This is one of the most common side effects and can result from a combination of the cancer treatment making you feel unwell, being fatigued and generally feeling low.

Solutions

  • Eat little and often, for example, every two to three hours. Large meals can put you off, reducing your appetite even further.
  • Drink high-kilojoule/calorie liquids such as milkshakes, smoothies and juices. Have these after or between meals, rather than just before.
  • Keep food on hand that’s easy to eat, such as soup, macaroni cheese and canned spaghetti.
  • Eat what you feel like, when you feel like it. For example, have cereal for dinner or eat a main meal at lunchtime.

Side effect: Dehydration and dry mouth

Drinking sufficient fluids is especially important during cancer treatment. Using a straw can help you keep up your liquid intake.

Solutions

  • Keep bottles of water, juice or ginger ale on hand to sip on regularly during the day.
  • Eat broths and ice-blocks to boost your fluid intake.
  • Drink lemonade or orange-flavoured soft drinks as tart flavours can help to increase saliva production.
  • Moisten foods with sauces, spreads, gravy or dressings. Take a sip of fluid with every mouthful to help with chewing and swallowing. Don’t drink large amounts with meals as this can affect your appetite.

Side effect: Nausea

Feeling sick is not a pleasant sensation and you can be nauseous with or without vomiting.

Solutions

  • Take anti-nausea medication as directed by your doctor.
  • An empty stomach makes nausea worse, so eat small amounts of food regularly. Try snacking on nuts, muesli bars and plain crackers.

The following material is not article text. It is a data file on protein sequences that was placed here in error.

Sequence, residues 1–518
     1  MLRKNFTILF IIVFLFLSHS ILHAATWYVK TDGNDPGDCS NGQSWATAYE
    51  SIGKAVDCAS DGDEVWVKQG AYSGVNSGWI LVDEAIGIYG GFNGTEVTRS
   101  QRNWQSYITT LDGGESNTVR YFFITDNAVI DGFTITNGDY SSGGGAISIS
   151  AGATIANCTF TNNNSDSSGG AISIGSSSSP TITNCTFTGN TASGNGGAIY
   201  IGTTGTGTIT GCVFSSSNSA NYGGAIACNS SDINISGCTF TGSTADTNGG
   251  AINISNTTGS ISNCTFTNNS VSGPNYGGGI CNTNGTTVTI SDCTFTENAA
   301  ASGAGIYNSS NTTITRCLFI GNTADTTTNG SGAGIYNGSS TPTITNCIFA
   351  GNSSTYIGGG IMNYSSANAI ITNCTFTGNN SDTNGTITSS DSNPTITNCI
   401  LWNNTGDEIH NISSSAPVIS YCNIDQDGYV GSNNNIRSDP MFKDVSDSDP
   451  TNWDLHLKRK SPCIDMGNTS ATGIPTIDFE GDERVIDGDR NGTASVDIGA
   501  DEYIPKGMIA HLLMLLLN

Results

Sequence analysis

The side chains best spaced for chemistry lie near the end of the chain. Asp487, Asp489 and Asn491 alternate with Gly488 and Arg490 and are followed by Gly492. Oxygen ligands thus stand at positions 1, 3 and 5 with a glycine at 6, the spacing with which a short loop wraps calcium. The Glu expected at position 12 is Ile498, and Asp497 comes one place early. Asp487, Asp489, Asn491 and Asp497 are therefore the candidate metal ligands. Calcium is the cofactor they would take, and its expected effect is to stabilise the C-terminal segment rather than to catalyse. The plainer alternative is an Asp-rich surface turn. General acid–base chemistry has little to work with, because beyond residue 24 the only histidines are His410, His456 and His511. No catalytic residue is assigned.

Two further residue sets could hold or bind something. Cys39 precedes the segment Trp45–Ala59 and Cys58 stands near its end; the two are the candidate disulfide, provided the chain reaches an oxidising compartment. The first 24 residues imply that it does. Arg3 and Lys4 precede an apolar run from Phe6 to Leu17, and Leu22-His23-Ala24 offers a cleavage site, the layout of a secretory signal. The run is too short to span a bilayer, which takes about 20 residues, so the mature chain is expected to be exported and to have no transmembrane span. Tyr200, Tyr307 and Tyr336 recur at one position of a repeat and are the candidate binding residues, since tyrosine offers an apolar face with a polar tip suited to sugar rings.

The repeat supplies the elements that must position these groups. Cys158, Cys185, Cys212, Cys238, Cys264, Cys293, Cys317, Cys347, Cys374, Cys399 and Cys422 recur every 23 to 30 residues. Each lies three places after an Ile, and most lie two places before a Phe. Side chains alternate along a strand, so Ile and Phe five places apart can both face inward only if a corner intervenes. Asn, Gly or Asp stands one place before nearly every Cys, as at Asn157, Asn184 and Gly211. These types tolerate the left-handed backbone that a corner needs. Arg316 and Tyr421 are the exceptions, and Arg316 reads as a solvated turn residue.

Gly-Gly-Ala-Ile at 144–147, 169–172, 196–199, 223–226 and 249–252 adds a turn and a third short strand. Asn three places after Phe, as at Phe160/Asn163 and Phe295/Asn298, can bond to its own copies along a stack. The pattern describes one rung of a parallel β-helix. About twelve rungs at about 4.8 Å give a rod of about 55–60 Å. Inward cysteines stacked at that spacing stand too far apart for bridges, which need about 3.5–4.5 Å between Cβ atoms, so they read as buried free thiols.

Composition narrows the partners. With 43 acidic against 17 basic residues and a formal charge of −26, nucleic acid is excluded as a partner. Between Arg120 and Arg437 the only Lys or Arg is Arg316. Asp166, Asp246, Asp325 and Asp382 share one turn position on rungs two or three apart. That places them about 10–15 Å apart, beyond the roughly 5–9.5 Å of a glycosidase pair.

• If you can, avoid cooking smells — a great excuse to delegate the cooking to someone else!
  • Limit the amount of fried and fatty foods you eat because these foods can often make you feel worse.
  • Chilled foods or those at room temperature tend to have less aroma, so are less likely to cause nausea.
  • Forget about traditional mealtimes. Eat at whatever time you’re feeling your best.

Side effect: Diarrhoea

Some chemotherapy drugs can cause bouts of diarrhoea. Diarrhoea can also be a side effect of radiotherapy to the pelvic area.

Solutions

  • Drink plenty of fluids to prevent dehydration. Aim for at least eight glasses a day of diluted juices, flat soft drinks, weak tea, nutritional supplements, vegetable juices or broths.
  • Avoid caffeinated drinks.
  • Avoid spicy, fatty or very sweet foods.
  • If you’re recovering from a bout of diarrhoea, bland foods such as banana, rice, toast and apples tend to be better tolerated.
  • Talk to your nurse or doctor because there are many medications that can ease diarrhoea.

Other side effects

If you become constipated, keep up your fluids and maintain a good intake of fibrous foods (whole grains, legumes, fresh fruit and veg).

If your mouth is sore due to mucositis, soften the texture of foods (by blending, pureeing, finely chopping and mincing) to make them more palatable. You might also need high-energy supplement drinks to ensure you’re getting enough kilojoules and protein.

How to maximise your nutrition during cancer treatment